All orthodontic patients must know how to clean braces, regardless of age. Orthodontic care is a serious investment of a family's time and finances. By learning about proper orthodontic home care in advance, patients will be prepared for the time commitment necessary to maintain oral health during and following orthodontic care.
What Gets Caught around Braces
Each type of orthodontic hardware, including wires, bands, brackets, expanders, springs, elastics and screws, poses its own unique challenges for the patient when it comes to cleaning. All this hardware provides additional surfaces for food debris, plaque biofilm and acids to adhere and collect in these areas of the mouth that are very difficult to clean, as explained on Dental Associates.
The tiny germs first find an effective place to hide around orthodontic hardware and between teeth, growing into larger colonies of plaque biofilm. As readily available food particles are digested by the germ colonies, the plaque biofilm masses process the food debris. Acid is the by-product of this germ digestion process. These acids etch around the brackets and bands, creating the white chalky orthodontic spots often shown to patients before they pursue braces. The good news is that these spots can be prevented if a patient is taught how to clean braces properly.
Cleaning Braces at Home
The proper removal of food debris, biofilm and acids from around the braces will protect the teeth and gums from being affected by oral care diseases. Patients must be reminded before the placement of orthodontics that a higher level of at-home care will help decrease the incidence of tooth decay. Specialized equipment is recommended for cleaning teeth with braces. The standard tools for cleaning braces at home include a high-quality toothbrush, floss/interdental cleaners and an at-home oral irrigation system.
Toothbrushing: Whether manual or electric, a toothbrush with soft bristles and a compact head is best for cleaning teeth with braces. Always remember to remove elastics before brushing so hooks and wires are not disturbed.
The following are some toothbrushing instructions to assist you in cleaning your braces:
1. The toothbrush should be held at a 45-degree angle at the gum line and brushed back and forth and then swept toward the biting surface of the teeth.
2. Brush the top and bottom surfaces of the brackets to remove plaque and food debris as well as the front of the bracket and wires. It may be beneficial to physically hold back the lip with one hand and brush the bracket areas.
Specialized toothbrushes, such as the Colgate® 360°®, are available to more easily access the areas under and around brackets. The Colgate® 360º® also includes a tongue and cheek cleaner for the removal of germs that can stick to those areas.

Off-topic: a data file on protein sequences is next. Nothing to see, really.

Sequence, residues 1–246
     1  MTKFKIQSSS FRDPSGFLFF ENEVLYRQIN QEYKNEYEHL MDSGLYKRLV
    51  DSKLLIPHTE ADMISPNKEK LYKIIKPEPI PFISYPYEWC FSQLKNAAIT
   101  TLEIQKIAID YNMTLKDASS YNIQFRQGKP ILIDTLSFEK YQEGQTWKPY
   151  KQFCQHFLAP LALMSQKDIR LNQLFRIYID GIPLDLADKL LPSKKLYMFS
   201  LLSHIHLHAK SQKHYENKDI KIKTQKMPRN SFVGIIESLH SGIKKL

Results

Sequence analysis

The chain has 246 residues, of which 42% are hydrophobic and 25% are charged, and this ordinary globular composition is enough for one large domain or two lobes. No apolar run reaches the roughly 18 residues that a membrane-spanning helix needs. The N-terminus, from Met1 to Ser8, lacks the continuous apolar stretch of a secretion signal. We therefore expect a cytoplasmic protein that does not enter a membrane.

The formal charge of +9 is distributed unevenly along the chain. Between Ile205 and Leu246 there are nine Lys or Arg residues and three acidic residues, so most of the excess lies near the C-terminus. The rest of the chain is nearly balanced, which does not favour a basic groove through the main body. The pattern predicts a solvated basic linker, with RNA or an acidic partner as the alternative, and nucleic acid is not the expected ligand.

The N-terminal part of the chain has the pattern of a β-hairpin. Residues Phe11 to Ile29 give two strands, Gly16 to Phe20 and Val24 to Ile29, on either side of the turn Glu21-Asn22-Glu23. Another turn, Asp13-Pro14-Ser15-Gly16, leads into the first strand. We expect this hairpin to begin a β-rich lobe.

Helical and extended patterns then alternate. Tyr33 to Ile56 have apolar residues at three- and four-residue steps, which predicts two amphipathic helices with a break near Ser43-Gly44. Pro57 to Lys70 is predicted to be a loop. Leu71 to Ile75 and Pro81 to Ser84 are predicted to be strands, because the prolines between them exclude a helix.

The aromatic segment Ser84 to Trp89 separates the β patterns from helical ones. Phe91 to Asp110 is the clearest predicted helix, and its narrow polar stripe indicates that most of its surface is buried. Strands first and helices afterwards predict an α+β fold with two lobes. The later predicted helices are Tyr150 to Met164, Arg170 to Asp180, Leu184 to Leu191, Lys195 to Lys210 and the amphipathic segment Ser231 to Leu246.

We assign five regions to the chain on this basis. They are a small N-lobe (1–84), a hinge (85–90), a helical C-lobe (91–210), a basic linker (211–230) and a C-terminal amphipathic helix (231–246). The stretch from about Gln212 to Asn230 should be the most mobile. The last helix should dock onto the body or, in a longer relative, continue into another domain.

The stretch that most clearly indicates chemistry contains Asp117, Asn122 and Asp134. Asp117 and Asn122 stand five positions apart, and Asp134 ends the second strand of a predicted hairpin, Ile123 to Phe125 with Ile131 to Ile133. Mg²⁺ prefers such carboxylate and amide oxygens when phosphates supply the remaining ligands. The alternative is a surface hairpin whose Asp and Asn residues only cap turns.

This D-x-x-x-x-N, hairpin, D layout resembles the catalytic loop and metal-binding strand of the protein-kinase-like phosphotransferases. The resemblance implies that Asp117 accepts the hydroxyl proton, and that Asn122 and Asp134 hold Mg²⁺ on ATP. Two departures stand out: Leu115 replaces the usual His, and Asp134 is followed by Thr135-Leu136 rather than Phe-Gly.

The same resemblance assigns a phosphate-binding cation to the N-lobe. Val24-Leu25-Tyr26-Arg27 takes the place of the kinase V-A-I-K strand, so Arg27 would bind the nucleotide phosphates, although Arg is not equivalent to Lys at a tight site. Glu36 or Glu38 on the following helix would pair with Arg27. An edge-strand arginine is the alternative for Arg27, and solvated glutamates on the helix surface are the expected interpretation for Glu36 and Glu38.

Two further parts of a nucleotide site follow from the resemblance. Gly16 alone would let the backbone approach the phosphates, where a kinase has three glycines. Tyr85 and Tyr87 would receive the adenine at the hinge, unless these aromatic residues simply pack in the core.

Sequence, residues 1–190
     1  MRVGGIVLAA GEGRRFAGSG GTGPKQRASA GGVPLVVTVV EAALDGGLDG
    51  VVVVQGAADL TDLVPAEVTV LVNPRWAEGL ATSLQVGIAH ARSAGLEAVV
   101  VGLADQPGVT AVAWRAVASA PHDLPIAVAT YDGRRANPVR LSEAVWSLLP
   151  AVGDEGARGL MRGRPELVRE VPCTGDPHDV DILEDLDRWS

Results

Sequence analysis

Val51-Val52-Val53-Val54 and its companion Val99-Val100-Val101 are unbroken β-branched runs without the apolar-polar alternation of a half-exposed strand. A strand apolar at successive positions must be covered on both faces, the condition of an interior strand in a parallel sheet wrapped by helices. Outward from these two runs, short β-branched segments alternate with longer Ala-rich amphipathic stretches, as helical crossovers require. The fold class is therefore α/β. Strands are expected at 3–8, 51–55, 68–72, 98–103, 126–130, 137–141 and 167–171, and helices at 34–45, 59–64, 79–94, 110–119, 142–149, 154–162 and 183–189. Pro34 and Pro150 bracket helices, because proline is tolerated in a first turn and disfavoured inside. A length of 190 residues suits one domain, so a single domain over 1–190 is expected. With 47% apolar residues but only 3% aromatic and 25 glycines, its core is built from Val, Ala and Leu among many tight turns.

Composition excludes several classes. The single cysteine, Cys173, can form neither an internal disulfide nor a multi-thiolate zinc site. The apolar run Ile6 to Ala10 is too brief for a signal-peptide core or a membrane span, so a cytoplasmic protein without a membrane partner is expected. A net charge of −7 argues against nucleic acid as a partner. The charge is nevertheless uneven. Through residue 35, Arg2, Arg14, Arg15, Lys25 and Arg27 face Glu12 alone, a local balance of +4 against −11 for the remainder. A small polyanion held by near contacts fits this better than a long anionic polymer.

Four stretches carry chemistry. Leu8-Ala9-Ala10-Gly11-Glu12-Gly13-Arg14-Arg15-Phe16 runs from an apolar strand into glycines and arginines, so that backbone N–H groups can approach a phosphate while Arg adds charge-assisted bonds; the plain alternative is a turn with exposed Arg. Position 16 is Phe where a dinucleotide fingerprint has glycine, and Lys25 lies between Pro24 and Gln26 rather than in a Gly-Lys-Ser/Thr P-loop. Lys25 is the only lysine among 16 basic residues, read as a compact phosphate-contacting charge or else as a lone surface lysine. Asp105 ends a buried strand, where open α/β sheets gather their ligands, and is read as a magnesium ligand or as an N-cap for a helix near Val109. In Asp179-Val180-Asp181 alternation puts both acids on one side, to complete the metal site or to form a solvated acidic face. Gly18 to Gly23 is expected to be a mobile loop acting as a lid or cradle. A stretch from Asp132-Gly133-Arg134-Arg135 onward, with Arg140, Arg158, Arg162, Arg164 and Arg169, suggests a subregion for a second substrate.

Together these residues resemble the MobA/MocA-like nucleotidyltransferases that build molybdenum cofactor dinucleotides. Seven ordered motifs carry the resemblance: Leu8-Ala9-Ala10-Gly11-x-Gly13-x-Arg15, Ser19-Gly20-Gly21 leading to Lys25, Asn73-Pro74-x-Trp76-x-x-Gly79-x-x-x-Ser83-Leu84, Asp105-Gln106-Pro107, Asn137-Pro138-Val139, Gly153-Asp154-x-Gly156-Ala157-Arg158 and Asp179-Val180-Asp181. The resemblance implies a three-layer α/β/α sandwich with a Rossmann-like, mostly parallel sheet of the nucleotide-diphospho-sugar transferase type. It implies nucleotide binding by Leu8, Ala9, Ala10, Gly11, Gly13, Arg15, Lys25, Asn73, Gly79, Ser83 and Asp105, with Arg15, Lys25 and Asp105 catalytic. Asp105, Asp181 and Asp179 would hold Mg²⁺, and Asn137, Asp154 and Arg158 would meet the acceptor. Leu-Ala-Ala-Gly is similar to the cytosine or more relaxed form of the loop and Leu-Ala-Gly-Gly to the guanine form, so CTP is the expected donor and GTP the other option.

Floss/Interdental Cleaners: It's important to note that there are different interproximal cleaning tools that can remove debris from the mouth when you're on the go, such as soft picks, proxybrushes, woven dental floss, superfloss or triangular, interdental picks. Patients can carry these tools in their bags or purses to use when they don't have time for traditional flossing. Despite the variety of cleaning tools available, there is no substitute for proper flossing with a threader, as detailed on Dental Health Advice. Food can get trapped in the spaces between the teeth and under wires, so it's necessary to take some time each day to thread floss under the wires to remove debris before it damages the enamel. Access the areas where most other devices can't reach by gliding the floss along the surface of the tooth and gently cleaning the area below the gum line.
Oral Irrigation Systems: At-home oral irrigation systems are specialized dental tools available at drugstores and major retail chains. They push water through a device in a thin stream to directly flush around the teeth and orthodontic hardware. Food, bacteria, plaque biofilm and acids can be flushed from hard-to-reach spots with these systems; although they can make your home care efforts more effective, they should never be used to replace brushing and flossing.
Fluoride Treatment and Germ Killers
Although topical fluoride is very important to use regardless of whether you have braces, fluoride becomes even more important during and immediately following orthodontic care. Since braces make teeth tougher to clean, the risk for tooth decay increases with braces. A fluoride rinse can decrease this risk, as explained by the American Dental Association.
Using a prescription fluoride toothpaste also goes a long way toward protecting your teeth. Products such as Colgate®PreviDent® 5000 Booster Plus have a much higher amount of fluoride protection than over-the-counter toothpastes, and they can strengthen areas of exposed root surface that often occur among people with braces. Germ-killing rinses and anti-bacterial toothpastes also decrease the concentration of living bacteria in the mouth. Over-the-counter products such as Colgate Total® Advanced Pro-Shield® Mouthwash and Colgate Total® Toothpaste contain powerful germ killers to stop the cycle of plaque-related gum inflammation.
The delight of having your braces taken off to reveal a beautiful smile can often be overshadowed by a diagnosis of cavities throughout the mouth, but these cavities can be prevented. Don't let them happen to you! By learning how to clean braces effectively before their placement, both patients and parents can be proud of a newly aligned smile.
About the author: Emily Boge, RDH, BS, MPAc, is currently a health sciences public administration Master's degree candidate at Upper Iowa University and has practiced dental hygiene since 2003 in Manchester, Iowa. Emily is also the owner of Think Big Dental, a consulting and writing firm specializing in the education of corporations and health professionals on the role of dental hygienists.